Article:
Taxus cuspidata

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Taxus cuspidata
Taxus cuspidata fruits.JPG
Scientific classification edit
Kingdom: Plantae
Division: Pinophyta
Class: Pinopsida
Order: Pinales
Family: Taxaceae
Genus: Taxus
T. cuspidata
Binomial name
Taxus cuspidata

Taxus cuspidata, the Japanese yew[2] or spreading yew, is a member of the genus Taxus, native to Japan, Korea, northeast China and the extreme southeast of Russia.

It is an evergreen tree or large shrub growing to 10–18 m tall, with a trunk up to 60 cm diameter. The leaves are lanceolate, flat, dark green, 1–3 cm long and 2–3 mm broad, arranged spirally on the stem, but with the leaf bases twisted to align the leaves in two flattish rows either side of the stem except on erect leading shoots where the spiral arrangement is more obvious.

The seed cones are highly modified, each cone containing a single seed 4–8 mm long partly surrounded by a modified scale which develops into a soft, bright red berry-like structure called an aril, 8–12 mm long and wide and open at the end. The arils are mature 6–9 months after pollination. Individual trees from Sikhote-Alin are known to have been 1,000 years old.[3]


It is widely grown in eastern Asia and eastern North America as an ornamental plant.


The entire yew bush, except for the fleshy berry surrounding the seed, is toxic due to a group of chemicals called taxine alkaloids.[4] Yew poisonings are relatively common in both domestic and wild animals who consume the plant accidentally.[5][6][7] Taxine B, the most toxic of the taxine alkaloids, is a cardiotoxin which works by disrupting the calcium and sodium currents of the myocardial cells.[8][9] The taxine alkaloids are absorbed quickly from the intestine and in high enough quantities can cause death due to cardiac arrest or respiratory failure.[10] Ingesting yew causes symptoms such as dizziness, dilation of pupils, abdominal pain, nausea and an irregular heartbeat.[11]

The minimum lethal dose (LDmin) of yew leaves is 3.0-6.5 mg/kg body weight for humans, 1–2 mg/kg for horses and 82.5 mg/kg for chickens.[12] There is currently no known antidotes for yew poisoning but drugs such as atropine have been used to treat the symptoms.[13]


  1. ^ Conifer Specialist Group (1998). "Taxus cuspidata". IUCN Red List of Threatened Species. Version 2006. International Union for Conservation of Nature. Retrieved 5 May 2006.
  2. ^ "Taxus cuspidata". Natural Resources Conservation Service PLANTS Database. USDA. Retrieved 8 December 2015.
  3. ^ "Памятник природы "Сихотэ - Алинь". Центр реабилитации диких животных "УТЕС"" [The nature monument "Sikhote - Alin". Center for the rehabilitation of wild animals "UTES"]. Туристические комплексы[Tourist complexes] (in Russian). Archived from the original on 2007-09-29.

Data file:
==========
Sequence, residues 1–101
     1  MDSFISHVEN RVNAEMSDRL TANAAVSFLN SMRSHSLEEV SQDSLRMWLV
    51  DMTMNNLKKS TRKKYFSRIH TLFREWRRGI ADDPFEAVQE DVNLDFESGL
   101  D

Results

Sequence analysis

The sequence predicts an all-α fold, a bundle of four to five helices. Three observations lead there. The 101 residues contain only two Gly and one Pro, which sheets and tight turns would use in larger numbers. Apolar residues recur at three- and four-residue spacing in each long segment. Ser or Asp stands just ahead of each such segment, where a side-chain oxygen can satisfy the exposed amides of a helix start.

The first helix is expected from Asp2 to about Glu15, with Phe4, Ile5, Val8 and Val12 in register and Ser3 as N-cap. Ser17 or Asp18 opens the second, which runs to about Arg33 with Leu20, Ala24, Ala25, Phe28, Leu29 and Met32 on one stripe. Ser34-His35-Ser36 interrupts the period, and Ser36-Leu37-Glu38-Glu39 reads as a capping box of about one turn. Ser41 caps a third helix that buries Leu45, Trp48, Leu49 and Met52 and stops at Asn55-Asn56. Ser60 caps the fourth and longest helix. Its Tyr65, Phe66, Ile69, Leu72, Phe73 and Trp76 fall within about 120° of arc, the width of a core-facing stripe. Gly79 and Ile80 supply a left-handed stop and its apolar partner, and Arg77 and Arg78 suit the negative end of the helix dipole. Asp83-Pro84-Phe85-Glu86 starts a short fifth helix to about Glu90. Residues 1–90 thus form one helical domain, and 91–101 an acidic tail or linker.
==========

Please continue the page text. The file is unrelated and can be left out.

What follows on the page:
4. ^ Wilson, Christina R.; Sauer, John-Michael; Hooser, Stephen B. (2001). "Taxines: a review of the mechanism and toxicity of yew (Taxus spp.) alkaloids". Toxicon. 39 (2–3): 175–185. doi:10.1016/s0041-0101(00)00146-x. ISSN 0041-0101.
  5. ^ "JAPANESE YEW PLANT POISONING - USA: (IDAHO) PRONGHORN ANTELOPE". ProMED-mail. 24 January 2016. Retrieved 25 January 2016.
  6. ^ "PLANT POISONING, CERVID - USA: (ALASKA) ORNAMENTAL TREE, MOOSE". ProMED-mail. 22 February 2011. Retrieved 25 January 2016.
  7. ^ Tiwary, Asheesh K.; Puschner, Birgit; Kinde, Hailu; Tor, Elizabeth R. (May 2005). "Diagnosis of Taxus (yew) poisoning in a horse". Journal of Veterinary Diagnostic Investigation: Official Publication of the American Association of Veterinary Laboratory Diagnosticians, Inc. 17 (3): 252–255. doi:10.1177/104063870501700307. ISSN 1040-6387. PMID 15945382.
  8. ^ Garland, Tam; Barr, A. Catherine (1998). Toxic plants and other natural toxicants. International Symposium on Poisonous Plants (5th : 1997 : Texas). Wallingford, England: CAB International. ISBN 0851992633. OCLC 39013798.
  9. ^ Alloatti, G.; Penna, C.; Levi, R. C.; Gallo, M. P.; Appendino, G.; Fenoglio, I. (1996). "Effects of yew alkaloids and related compounds on guinea-pig isolated perfused heart and papillary muscle". Life Sciences. 58 (10): 845–854. ISSN 0024-3205. PMID 8602118.
  10. ^ Fuller, Thomas C.; McClintock, Elizabeth May (1986). Poisonous plants of California. Berkeley: University of California Press. ISBN 0520055683. OCLC 13009854.
  11. ^ Turner, Nancy J.; von Aderkas, P.; Turner, Nancy J. (2009). The North American guide to common poisonous plants and mushrooms. Portland: Timber Press. ISBN 9781604691450. OCLC 747112294.
  12. ^ Gupta, Ramesh C. (2012). Veterinary toxicology : basic and clinical principles (2nd ed.). Oxford: Academic. ISBN 9780123859266. OCLC 778786624.
  13. ^ Wilson, Christina R.; Hooser, Stephen B. (2018). Veterinary Toxicology. Elsevier. pp. 947–954. doi:10.1016/b978-0-12-811410-0.00066-0. ISBN 9780128114100.